AGN; Can you provide insight into your role as Program Coordinator at Prison Fellowship Rwanda?
BN; The overarching aim of the organization is on restorative justice and healing. Our work covers both perpetrators and survivors of genocide. My responsibilities encompass coordinating a number of projects that are designed to be transformative on an individual and/or community level. A key area is interpersonal healing; focusing on mental health where we use different approaches to remedy trauma.
Social cohesion through community-based therapy is another area of our work where we seek to reinforce community capacity through societal healing. As part of this aspect of our work different groups are brought together to work collaboratively in order to improve their livelihoods.
Another area of our work focuses on multifamily therapy and intergenerational trauma transmission therapy as a means of developing greater cohesion and healing.
AGN; What do you find to be the most satisfying aspect of your job?
BN; Helping people is the most satisfying aspect of my work. Seeing the transformation in people who were formally wounded but now healed brings immense satisfaction.
AGN; What do you perceive most people’s attitude to the rehabilitation of offenders to be?
BN: It is atypical to find people who are in favor. Most everyday people I engage with are not overly enthusiastic. They would rather resources were expended on those who haven’t committed a crime rather than on those who have.
One of the projects I am involved with is called ‘Prisoners Journey’. The project supports the children of prisoners in order improve their chances of having a better future. Even though the children the project is aimed at have not committed any crimes themselves, people are generally not in favor of it due to the association with their parents who have.
The children affected are typically from less well-off backgrounds. I believe if one changes the status of the children’s parents to law abiding citizens the attitude to supporting those same children would change in terms of how receptive people are.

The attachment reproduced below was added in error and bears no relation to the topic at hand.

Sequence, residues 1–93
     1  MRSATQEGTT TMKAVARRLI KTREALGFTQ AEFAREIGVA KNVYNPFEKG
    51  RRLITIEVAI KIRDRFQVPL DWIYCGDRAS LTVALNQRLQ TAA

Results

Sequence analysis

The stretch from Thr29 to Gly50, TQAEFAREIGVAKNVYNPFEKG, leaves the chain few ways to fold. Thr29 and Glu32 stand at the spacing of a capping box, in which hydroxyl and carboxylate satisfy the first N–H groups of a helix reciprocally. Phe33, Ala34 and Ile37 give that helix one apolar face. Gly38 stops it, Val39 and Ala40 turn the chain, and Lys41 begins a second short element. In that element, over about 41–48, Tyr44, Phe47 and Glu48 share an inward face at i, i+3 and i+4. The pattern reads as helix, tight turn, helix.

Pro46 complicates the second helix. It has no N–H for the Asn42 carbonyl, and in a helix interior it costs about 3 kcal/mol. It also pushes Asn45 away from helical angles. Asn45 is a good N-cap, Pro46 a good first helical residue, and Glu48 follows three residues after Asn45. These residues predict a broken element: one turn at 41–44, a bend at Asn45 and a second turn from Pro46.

Comparatively there are a smaller number of funding bodies and initiatives dedicated to the rehabilitation of offenders. There isn’t as much interest in this area, hence securing funding for specific projects can be exceedingly challenging.
AGN; All work and no play makes Jack a dull boy. When not hard at work what do you like to do to relax?
BN; I really enjoy swimming and although I don’t get much free time to indulge, I go to the beach or a lake to swim when I can. I also enjoy socializing with friends as I am a very sociable person. Most of all I enjoy spending time with family.
AGN; Who would you say was your biggest influence as a child and what impact do you feel they had on you?
BN; My mother had an outsized influence on me. She was extremely hard-working and driven. She ran her own restaurant and was very open about how she operated the business with the family. I learned so much from the way she organized her business, the concepts and ideas she would come up with and the processes that led to implementation. She would constantly motivate and push us to study and work hard. It imbued in me the value of preparation and application.
AGN; What are you most passionate about and what would you like to be remembered for?
BN; I am a stout Christian and love observing my faith. By extension helping people is something that I am extremely passionate about. I would like to be remembered for that.
AGN; Why should people visit Rwanda?
BN; It is a very peaceful place and the people are very welcoming. We have numerous places of natural beauty such as our national parks and of course our country is well known as a place where gorillas can be seen in their natural habitat.
AGN; How important is family to you?
BN; I do what I do and I am what I am because of my family. My wife is my best friend. My children are also my best friends. Family isn’t just important; it is number one.
AGN; What do you consider to be your greatest achievement and why?
BN; Having a loving family is my greatest achievement. I have been happily married for over 11 years and very much look forward to a future that is more of the same.
© 2021 All rights reserved - Ri Iyovwaye on behalf of African Global Networks (AGN) - Sept 2021